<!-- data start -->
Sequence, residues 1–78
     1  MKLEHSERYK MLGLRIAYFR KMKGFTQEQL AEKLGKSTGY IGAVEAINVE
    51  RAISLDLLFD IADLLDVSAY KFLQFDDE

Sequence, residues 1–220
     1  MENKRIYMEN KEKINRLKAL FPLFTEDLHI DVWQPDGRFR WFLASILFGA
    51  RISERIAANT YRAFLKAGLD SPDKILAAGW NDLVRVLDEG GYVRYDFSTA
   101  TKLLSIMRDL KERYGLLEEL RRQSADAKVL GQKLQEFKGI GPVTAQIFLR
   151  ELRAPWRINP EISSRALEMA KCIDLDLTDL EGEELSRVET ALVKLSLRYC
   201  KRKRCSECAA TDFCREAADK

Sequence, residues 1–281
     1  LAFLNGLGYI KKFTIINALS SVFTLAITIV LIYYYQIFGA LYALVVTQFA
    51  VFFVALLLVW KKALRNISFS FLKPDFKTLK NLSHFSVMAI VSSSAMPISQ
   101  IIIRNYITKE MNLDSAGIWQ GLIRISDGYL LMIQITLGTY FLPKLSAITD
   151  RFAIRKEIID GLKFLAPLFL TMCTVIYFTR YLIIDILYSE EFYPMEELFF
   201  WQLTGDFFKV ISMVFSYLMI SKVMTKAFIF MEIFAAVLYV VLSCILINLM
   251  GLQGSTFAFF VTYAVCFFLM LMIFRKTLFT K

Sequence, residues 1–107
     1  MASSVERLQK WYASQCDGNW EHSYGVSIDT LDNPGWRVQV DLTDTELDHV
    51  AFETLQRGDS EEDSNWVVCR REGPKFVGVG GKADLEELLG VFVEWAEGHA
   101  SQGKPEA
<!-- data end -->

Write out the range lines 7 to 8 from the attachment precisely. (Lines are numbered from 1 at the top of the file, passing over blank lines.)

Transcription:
   101  TKLLSIMRDL KERYGLLEEL RRQSADAKVL GQKLQEFKGI GPVTAQIFLR
   151  ELRAPWRINP EISSRALEMA KCIDLDLTDL EGEELSRVET ALVKLSLRYC